My point was, unless replacement is necessary as a matter of safety, it makes more sense to add a NEW parking garage where every new space is a net increase, rather than spend an ungodly fortune of taxpayer dollars to demolish and replace 421 existing spaces. The cost of rebuilding these spaces to achieve LEED Silver will make this an astronomically expensive project. It sounds from others like maybe it is unsafe and needs to be replaced. It just bums me out how much money we are going to spend to do this when there are so many competing infrastructure needs in the City.

  • southberkeleyres

    Why don’t we have a shuttle similar to Emeryville’s. A circular route going Ashby, San Pablo, University Shattuck at least! Maybe another Gilman, San Pablo, University, Shattuck.

  • AJ

    A “green” parking garage? Can a parking garage be green? If there is such a need for parking, then let a private developer build and operate it on their own dime. The city should not be subsidizing parking for theater-goers and downtown employees; let’s focus on properly managing the parking resources we have. Increasing parking supply will induce more automobile trips and thereby increase traffic and GHG emissions.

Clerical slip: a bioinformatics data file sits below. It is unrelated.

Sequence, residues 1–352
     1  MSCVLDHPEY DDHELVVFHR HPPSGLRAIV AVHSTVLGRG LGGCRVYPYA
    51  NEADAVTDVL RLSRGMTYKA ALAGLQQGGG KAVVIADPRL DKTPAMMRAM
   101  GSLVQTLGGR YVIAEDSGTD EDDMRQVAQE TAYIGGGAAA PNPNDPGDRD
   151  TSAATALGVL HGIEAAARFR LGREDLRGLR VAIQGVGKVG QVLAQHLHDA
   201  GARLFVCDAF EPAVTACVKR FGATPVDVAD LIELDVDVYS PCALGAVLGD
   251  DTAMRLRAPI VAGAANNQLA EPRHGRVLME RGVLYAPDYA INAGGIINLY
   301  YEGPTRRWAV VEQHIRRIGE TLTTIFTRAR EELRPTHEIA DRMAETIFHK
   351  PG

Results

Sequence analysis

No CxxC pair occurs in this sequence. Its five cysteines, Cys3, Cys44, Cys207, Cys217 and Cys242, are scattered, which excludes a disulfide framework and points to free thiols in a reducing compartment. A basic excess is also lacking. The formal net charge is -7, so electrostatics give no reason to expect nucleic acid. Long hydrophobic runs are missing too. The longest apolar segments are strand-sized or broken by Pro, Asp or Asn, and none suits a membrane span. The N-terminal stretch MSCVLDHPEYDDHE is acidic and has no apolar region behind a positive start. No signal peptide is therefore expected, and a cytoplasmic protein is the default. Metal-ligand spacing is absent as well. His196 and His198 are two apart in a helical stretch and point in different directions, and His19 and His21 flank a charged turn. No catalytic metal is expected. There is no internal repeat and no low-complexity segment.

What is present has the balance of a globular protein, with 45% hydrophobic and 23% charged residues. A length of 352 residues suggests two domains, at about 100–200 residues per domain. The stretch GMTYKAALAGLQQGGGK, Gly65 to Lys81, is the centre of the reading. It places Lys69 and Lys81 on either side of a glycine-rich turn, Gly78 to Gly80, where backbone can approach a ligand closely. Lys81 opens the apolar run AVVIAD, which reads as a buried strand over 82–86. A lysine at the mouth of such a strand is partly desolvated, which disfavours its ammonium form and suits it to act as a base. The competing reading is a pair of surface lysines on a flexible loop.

• Luke

    This is probably going to cost at least $35 million, assuming $50,000/space. As a Berkeley taxpayer, I don’t want to contribute $350. And that’s not even including demolition. Absolutely not worth it in a location that has excellent bicycle and transit access. Let’s see a seismic retrofit alternative that does not add any more parking..

  • Luke

    Thanks for putting it that way. I even think you underestimated the costs. The numbers you quoted might be accurate for a greenfield parking garage, but for something located in the heart of an expensive area? Perhaps $50,000 and $100,000 for underground. PLUS demolition.